When I got home, I realized there was no way I could date right now. I knew that if I was rejected or even felt rejected, it would probably cause me to drink. I didn’t have the emotional tools. I talked to my sponsor about it and then called him up and said, “I really like you, but I’m going through something right now where I need to take a year off of dating. I hope you understand.” And he said, “Wow. I should probably do that, too.” Turns out he was going through a divorce and was in no place to be in a relationship or be the man of my dreams/dysfunction right now.

For the rest of the year, I concentrated on going to meetings, fellowship, making new AA friends, eating cookies and milk, binge-watching Netflix at night, and it was the most awesome/horrible year of my life. I highly recommend it. I gained 10 or 20 pounds which seemed weird. Dudes can go through a rough time and get fat and grow a beard and still be considered likable — but as a woman, it’s harder to hide behind a beard and 50 pounds and be cool. But a girl can dream.
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So, a year later, guess who I ran into? No-house-moon dude. And yay! I was like a year sober so totally awesome and fixed, right? It. Was. On. We went on a few dates, and I honestly can’t remember if we had sex. It was only seven years ago and I know we did sexy things but I cannot for the life of me remember. I don’t think we did, because we would have needed to have the talk and well, let’s just say that the time I chose to have the talk was not a good time to have it.

Take it from me when I say “DO NOT ATTEMPT TO HAVE THE TALK WHEN HIS HEAD IS BETWEEN YOUR LEGS. ” That should be in the Big Book. It’s a real buzz kill for one and all. And our relationship (if you can call it that) ended shortly thereafter which was okay because he was seriously still mourning the loss of his ten-year marriage.

So that’s my take on dating in the first year. I do know a couple people who hooked up in their first year of sobriety and 30 years later are still married. That might happen to you. I knew that wasn’t going to happen for me. It wasn’t until year two that I met the man of my dreams AKA qualifier who really brought me to my knees (not in a good way) and into Sex and Love Addicts Anonymous which is like the nicest thing a guy can do. Kidding. But not in a way because Girrrrrrrl, I needed some of that SLAA in my life.

Since then, I’ve moved to a place that I am happy to call home, am “healthy” dating and more will be revealed. But the best thing is that I like myself – dare I say, love, myself? I love my friends, my career, and my life and I don’t expect a man or any person or thing to save me.

WHY? Because I don’t need saving anymore. Thank god. Thank HP. Thank my program. And thank you.


Please visit so you can read more amazing articles like this one on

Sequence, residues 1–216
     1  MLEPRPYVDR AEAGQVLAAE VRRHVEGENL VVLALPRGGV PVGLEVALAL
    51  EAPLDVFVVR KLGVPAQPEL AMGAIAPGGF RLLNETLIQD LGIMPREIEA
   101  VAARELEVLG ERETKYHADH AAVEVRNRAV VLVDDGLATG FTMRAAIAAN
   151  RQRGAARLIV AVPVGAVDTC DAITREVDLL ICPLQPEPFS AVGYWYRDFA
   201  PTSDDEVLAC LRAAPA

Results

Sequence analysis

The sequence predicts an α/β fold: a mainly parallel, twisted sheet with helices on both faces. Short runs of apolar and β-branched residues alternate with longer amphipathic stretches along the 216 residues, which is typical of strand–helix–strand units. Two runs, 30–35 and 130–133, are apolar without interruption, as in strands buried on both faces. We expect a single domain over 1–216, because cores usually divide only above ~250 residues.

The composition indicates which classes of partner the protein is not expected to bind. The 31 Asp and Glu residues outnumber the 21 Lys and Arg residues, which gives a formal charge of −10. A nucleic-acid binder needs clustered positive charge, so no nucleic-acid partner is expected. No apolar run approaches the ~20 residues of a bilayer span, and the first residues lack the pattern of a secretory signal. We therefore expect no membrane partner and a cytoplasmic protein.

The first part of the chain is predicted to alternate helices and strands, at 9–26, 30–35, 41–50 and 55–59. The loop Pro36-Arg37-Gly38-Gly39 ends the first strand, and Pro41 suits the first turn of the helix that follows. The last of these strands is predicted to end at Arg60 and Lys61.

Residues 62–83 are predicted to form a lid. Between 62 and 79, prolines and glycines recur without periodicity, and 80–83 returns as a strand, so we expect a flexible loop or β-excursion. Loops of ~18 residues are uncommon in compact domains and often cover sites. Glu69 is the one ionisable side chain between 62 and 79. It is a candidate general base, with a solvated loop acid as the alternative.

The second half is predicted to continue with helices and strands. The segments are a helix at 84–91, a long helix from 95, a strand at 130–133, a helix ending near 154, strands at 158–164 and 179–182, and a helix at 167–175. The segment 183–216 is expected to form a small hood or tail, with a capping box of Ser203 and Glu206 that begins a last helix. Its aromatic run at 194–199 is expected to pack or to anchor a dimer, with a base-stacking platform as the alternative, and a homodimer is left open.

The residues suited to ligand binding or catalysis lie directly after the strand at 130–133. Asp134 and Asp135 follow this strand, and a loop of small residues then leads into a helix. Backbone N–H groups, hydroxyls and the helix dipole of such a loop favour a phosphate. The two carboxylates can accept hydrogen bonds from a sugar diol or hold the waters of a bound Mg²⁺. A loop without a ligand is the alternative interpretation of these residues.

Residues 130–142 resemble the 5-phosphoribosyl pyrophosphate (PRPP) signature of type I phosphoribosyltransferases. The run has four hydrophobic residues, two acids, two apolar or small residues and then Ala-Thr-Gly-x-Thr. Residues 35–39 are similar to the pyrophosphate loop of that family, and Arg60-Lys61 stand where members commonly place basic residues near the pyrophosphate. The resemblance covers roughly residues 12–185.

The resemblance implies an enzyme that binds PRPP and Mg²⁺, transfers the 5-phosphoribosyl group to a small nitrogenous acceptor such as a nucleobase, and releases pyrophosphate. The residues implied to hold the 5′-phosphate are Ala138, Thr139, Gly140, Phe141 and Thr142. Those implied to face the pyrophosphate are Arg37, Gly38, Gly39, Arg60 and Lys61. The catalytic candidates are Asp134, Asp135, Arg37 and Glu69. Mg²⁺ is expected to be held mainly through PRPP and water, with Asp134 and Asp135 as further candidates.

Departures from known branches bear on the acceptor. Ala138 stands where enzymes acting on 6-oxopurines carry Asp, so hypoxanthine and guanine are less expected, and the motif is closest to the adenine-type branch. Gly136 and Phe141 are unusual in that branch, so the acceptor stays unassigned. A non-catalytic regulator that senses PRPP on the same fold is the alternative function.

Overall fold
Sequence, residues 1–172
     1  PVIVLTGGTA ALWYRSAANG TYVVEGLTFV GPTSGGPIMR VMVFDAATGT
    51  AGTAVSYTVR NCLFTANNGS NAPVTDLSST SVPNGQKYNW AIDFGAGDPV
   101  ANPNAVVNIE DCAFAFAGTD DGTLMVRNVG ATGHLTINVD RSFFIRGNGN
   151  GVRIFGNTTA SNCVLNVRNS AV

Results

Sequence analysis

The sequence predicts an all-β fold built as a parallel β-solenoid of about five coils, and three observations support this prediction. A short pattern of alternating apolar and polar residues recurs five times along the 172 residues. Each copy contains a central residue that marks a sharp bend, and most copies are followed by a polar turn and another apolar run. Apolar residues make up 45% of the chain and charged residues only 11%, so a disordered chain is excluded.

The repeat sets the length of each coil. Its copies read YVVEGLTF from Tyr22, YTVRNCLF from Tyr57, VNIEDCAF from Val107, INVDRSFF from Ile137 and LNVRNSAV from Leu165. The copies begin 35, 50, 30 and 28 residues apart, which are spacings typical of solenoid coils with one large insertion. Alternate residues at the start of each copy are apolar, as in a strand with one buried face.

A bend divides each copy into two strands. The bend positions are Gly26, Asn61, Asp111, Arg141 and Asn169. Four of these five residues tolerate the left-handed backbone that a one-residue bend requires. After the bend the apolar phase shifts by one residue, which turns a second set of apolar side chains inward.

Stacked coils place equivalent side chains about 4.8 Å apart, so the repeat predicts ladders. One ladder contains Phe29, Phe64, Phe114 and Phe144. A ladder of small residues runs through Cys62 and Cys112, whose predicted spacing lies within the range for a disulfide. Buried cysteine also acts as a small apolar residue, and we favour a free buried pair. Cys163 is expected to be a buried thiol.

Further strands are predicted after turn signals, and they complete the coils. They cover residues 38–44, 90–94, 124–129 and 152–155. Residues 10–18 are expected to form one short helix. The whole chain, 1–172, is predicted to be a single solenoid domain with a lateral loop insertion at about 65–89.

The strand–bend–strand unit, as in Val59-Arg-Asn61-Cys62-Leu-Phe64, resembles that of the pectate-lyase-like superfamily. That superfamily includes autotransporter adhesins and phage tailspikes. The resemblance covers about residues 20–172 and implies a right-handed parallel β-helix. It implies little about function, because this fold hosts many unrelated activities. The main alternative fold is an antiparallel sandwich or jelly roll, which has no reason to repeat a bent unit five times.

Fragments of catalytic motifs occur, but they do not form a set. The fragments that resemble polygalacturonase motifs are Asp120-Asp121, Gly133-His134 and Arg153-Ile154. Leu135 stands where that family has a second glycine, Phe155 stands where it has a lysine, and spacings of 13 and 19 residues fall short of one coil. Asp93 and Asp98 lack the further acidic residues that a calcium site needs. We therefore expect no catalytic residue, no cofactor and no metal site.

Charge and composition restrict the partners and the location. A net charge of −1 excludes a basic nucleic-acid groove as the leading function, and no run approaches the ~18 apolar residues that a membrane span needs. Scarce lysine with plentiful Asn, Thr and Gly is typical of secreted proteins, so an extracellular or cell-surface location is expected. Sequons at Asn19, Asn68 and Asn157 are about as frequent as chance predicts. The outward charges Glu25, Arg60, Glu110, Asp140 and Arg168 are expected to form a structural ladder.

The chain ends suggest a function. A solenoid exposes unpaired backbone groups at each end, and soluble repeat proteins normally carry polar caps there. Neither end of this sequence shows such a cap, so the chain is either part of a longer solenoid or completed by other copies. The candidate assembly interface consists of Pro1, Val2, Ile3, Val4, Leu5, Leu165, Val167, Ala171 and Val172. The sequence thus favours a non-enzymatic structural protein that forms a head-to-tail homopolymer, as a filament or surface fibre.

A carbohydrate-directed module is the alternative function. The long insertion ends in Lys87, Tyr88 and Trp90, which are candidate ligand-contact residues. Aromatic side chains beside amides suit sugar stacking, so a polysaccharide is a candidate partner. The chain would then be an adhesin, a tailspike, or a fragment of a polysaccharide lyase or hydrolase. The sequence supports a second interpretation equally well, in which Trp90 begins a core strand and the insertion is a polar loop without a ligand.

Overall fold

“The Fix.”

“Wishing All My Blog, Recovery, and Reader Friends A Very Merry & Blessed Christmas Weekend!” XOXO ~ CAT

Hello and Thank You All Who Visit This Merry Christmas Weekend !!

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A Personal Note this Christmas from my Heart to Your’s .  .   .   .

With another Christmas Eve and Day upon us, let me reflect on The Many Blessings from this Year!

I sure have been very blessed and grateful to have shared my OWN Recovery Journey with you all year long, to share and bring HOPE,  JOY, and some Serenity to all of you. I want ALL to know what “Long-Term Recovery” can bring you when you decide to reclaim your LIFE back from not ONLY Gambling Addiction but from all addictions. Apply what you learn from doing the inner work as you also learn to rely on all your “Skills & Tools” in that recovery tool box you have.

We begin a quest of love, to learn to learn ourselves so we can pass that love on to those who still suffer and struggle from “the cycle” of addiction. I share my heart to hopefully show others that the “Triggers and Urges” will subside, that you will learn to FEEL again, and most importantly? You CAN gain a life of much “Peace and Serenity” .  .  .  .  .

So I wish you all a Very Merry Christmas and a Clean, Sober, and Gamble Free Holidays!

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*Catherine Townsend-Lyon ~ *CaT*

Celebrate Recovery! My Girls Are At It Again With A New Guest Recovery Article By: Author Alyssa Craig.

Hello and Welcome Recovery Friends,

 

I hope your 4th of July weekend was FABULOUS! Mine was pretty quite. But my recovery girls Rachel and Alyssa were at it again with another helpful Recovery Article Share for all of us. I feel it is important to have many insights and views about recovery. So I enjoy sharing many other authors views and articles here. Today Alyssa is Celebrating Recovery with us in this new Guest Post.